By Bathylle Missika and Laura Savage
The United Nations General Assembly 2022 was a historic moment for the global education community: this was the first ever UN-convened Heads of State summit focused on the sector. New York’s midtown was full of education policymakers, activists, implementers, researchers and funders, whose calls to recognise a global education crisis exacerbated by the COVID-19 pandemic felt heard.
Yet, when categories of education stakeholders are listed out, philanthropy is not often made distinct and is usually bucketed under ‘funders’, or ‘private sector’, or – more broadly, since the 2021 UNESCO Global Education Monitoring Report – ‘non-state actors’. Philanthropy’s presence at global summits or in country-level system change is not often prominent, for various reasons. The education philanthropy community is diverse, in terms of what it funds, how it funds and who it funds. This year, at the Transforming Education Summit, the global education philanthropy community spoke with one voice for the first time.
More than fifty five philanthropic organisations signed a Statement, facilitated by the OECD’s network of Foundations working on Development (netFWD) and the International Education Funders’ Group (private philanthropy may still sign this through to 30th October). Sixty-seven actors then came together at a high-level event in New York during the TES to reiterate the perspective and intent of the text. The community expressed that they are:
- Concerned, about the global education crisis, which underpins so many of the world’s other crises too. Philanthropy applauds the TES as an effort to spotlight this.
- Committed to respond and to harness the diversity of the philanthropy community around the world to take action, and to support their partners through whom they are seeing real change. There is a strong case for investing in education and the philanthropy community urges others to join this work.
- Convinced that collaboration is a way to drive the greatest possible impact.
This was not an explicit call to action to other groups of actors, but to themselves. These foundations committed to listen and learn better, to align with national priorities, to further enable an evidence-driven approach, and to fund and engage in partnership in support of SDG4. Beyond these commitments, what emerged was the need and desire across this community for a collective rethink of the ‘how’.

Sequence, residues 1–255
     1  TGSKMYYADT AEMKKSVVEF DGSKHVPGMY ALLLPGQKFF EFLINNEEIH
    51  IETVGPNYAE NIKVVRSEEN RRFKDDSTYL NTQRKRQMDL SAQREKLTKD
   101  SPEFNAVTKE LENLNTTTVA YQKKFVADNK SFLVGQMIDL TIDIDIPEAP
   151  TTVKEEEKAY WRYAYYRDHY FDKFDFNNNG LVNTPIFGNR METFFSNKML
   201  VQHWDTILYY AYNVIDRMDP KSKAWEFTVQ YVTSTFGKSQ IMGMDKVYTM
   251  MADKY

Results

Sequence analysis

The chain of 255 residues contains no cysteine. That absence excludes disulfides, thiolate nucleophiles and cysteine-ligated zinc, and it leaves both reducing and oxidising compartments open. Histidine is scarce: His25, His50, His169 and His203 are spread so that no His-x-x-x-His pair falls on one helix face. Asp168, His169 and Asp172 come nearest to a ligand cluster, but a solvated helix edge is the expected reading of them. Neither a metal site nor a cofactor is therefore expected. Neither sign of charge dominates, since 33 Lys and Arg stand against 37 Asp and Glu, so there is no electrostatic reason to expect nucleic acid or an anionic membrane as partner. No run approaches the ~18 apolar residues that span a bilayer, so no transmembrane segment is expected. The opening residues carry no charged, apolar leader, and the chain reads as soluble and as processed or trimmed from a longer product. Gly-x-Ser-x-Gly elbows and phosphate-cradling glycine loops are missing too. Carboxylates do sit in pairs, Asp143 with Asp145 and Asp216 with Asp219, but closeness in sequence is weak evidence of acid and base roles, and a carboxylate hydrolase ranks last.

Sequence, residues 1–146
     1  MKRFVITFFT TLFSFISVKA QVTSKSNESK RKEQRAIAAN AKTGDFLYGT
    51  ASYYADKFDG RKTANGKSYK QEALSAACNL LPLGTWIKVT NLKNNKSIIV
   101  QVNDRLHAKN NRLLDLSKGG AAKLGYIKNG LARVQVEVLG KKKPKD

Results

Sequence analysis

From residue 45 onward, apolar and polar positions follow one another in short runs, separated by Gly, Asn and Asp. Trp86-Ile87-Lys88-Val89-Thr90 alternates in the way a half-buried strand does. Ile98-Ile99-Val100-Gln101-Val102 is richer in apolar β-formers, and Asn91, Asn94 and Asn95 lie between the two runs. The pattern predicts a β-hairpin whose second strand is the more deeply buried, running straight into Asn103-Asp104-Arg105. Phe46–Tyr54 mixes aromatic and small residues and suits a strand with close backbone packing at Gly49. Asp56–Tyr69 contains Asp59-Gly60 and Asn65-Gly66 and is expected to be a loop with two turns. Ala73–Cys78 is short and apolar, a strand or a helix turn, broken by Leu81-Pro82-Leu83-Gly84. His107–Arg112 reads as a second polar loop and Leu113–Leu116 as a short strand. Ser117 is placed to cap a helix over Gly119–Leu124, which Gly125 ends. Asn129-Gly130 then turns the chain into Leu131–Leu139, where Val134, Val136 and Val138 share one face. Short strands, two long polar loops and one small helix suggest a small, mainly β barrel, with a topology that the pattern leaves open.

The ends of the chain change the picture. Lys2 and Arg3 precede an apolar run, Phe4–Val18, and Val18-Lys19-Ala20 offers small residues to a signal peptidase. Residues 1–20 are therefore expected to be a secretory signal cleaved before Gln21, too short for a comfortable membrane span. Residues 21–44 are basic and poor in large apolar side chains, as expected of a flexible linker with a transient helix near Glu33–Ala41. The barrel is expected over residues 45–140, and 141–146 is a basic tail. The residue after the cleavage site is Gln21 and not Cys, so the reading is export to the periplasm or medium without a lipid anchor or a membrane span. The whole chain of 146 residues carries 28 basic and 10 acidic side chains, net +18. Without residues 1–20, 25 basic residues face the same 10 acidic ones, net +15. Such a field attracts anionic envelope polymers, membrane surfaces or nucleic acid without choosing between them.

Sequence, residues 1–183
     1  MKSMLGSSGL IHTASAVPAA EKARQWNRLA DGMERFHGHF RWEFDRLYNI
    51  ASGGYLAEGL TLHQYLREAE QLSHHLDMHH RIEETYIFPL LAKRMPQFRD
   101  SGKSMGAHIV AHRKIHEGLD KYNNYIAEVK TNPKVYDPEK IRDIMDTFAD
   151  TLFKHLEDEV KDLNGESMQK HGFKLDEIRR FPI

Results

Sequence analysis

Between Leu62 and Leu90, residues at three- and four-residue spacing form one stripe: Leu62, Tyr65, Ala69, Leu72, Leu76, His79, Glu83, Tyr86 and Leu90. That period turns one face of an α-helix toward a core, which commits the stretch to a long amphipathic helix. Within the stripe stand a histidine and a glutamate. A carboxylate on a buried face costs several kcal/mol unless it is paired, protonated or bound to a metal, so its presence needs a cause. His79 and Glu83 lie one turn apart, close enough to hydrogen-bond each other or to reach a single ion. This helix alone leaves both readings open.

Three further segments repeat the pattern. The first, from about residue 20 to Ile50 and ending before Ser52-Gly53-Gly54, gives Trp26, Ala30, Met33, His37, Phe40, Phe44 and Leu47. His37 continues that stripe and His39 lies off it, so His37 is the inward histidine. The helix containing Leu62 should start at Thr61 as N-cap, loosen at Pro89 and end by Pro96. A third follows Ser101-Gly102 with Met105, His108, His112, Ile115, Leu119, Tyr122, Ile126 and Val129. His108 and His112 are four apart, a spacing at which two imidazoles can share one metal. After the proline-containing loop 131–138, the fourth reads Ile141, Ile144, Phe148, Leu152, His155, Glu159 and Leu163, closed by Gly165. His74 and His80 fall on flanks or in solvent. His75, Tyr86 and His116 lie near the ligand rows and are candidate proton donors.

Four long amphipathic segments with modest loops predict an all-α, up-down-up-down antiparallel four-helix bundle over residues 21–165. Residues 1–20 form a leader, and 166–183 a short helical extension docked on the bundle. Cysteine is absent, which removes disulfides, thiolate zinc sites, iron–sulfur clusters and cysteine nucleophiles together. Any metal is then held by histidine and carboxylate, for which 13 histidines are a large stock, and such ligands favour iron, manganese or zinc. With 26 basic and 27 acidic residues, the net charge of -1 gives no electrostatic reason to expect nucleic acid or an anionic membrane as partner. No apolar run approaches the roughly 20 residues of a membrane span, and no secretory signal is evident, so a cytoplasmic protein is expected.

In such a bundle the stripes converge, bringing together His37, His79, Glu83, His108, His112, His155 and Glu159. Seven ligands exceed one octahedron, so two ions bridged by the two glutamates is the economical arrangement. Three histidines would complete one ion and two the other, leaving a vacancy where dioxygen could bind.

The wider education community (and beyond) would do well to reflect upon the conclusions of the philanthropy community on what it will take to ‘transform’ education:
- Education goals will not be met by amplifying current siloes and channelling more money into broken pipes. Denis Mizne of the Lemann Foundation warned about ‘status quoism’ as a powerful force in education. We cannot go back to how things have always been, as it would institutionalise learning losses. Working within education across debates, and working outside of education across sectors will be necessary to achieve education – and other – goals.
- While we see some success, we should not get complacent. As Denis Minze reminded the audience, ‘the future is already here, but it’s not evenly distributed’ (William Golding). We know enough about ‘what works’; now we need to focus – together – on the challenges of bringing these to scale.
- We must harness our diversity in working together and think collectively. To quote Simon Sommer of the Jacobs Foundation: ‘transforming education is not about 1000 pilots’. Denis Mizne urged ‘let’s be problem, not project, driven’. This community committed to bring foundations from the global South more systematically into the debate, to partner with local actors, and to work to drive up learning outcomes for the most vulnerable children.
These three challenges echoed in our ears as we navigated the rest of UNGA week: we heard too little in wider debate about the need to work across siloes, to collaborate more effectively towards bigger picture goals, and to act with urgency. However, the momentum within the philanthropy community will be quick to pass if we do not walk that talk. As HE Hang Chuan Naron, Minister of Education in Cambodia, put it to the philanthropy community: ‘it is a long way from policy to school’.
If we do not want to look back a year from now and lament missing a turning point, we have to roll up our sleeves and take practical action. How many of us emerged from the TES knowing how we are going to work differently, what we are going to do? OECD’s netFWD and the IEFG will be working with the education philanthropy community to translate these commitments into action. We will help to broker dialogue, codify knowledge and build bridges to policymakers to ensure that philanthropy delivers on its promises: not only those of the Statement but those that we make to ourselves to leave this world a better place for future generations.
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